Now intrigued by the world of "other" salt (having experienced Camargue, Hawaiian and of course, Kosher), I am enthusiastic to try other varieties. Not too long ago, I purchased grey sea salt from Brittany. It has its own unique flavour and character, not the least of which is that it's much less distinctively crystalline than the red salt, and much harder to use in the salt mill (gums it up). So it stays as whole salt to be added in a pinch to certain things.

If you know nothing of the history of salt, then I highly recommend Mark Kurlansky's "Salt: A World History" as an interesting history of the world as seen through humanity's addiction for and interaction with salt.

Thursday, November 8, 2007

New Kitchen Staple

I had heard good things about toasted sesame oil, but had never had occasion to use it, so it didn't live in my pantry until recently. I picked it up a couple of months ago from my favourite bulk and specialty food store Galloways, but it still sat in my cupboard for a while before I thought to try it. Then I made one of my typical "all in one" dishes (a grain & bean salad) and thought I'd dress it with with an oil based dressing and remembered the toasted sesame. Wow! What a difference! I mean, I put lots of goodies into these dishes, so they usually have good flavour, but this takes the prize. I shall never make this dish without toasted sesame oil again if I can help it!! So, here are, generally speaking, the ingredients from this week's version (contents subject to availability & boredom levels!).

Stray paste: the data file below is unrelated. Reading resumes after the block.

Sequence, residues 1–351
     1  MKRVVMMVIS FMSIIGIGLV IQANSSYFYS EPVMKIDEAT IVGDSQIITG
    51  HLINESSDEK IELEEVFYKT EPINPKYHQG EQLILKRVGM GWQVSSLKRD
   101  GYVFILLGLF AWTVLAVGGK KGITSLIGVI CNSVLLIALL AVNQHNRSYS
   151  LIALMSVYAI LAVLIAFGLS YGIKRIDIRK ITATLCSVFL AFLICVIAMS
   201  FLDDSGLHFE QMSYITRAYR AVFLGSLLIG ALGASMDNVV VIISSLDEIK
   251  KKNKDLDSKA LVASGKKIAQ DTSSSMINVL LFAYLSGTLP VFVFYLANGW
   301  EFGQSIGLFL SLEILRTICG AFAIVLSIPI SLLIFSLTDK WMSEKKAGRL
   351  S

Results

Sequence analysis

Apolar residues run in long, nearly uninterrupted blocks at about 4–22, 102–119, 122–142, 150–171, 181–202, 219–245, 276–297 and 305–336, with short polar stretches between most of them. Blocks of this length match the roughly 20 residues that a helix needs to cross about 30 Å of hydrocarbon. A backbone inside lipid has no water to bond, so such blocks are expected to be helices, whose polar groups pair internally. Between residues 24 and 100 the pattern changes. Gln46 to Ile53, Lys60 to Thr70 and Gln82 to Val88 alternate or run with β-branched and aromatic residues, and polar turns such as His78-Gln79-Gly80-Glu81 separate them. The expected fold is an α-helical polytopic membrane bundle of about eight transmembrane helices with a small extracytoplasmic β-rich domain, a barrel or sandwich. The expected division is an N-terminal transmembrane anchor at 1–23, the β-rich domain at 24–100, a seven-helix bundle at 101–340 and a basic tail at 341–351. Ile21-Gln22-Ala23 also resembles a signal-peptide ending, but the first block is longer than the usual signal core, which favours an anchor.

• 1 cup cooked grain (this week wheat berries; alternatively barley, but also sometimes second grain of quinoa or buckwheat groats)
  • 1 cup cooked beans (aduki this week; alternatively turtle, kidney or cocoa, or garbanzos)
  • 4 small carrots, sliced in rounds (this week from our garden, yay!!)
  • 1 pomegranate, just the seeds (when in season)
  • 1 cup chopped parsley & cilantro (about half a bunch each; alternatively, from our fall garden, I use a mixture of chopped chives, mint and celeriac leaves)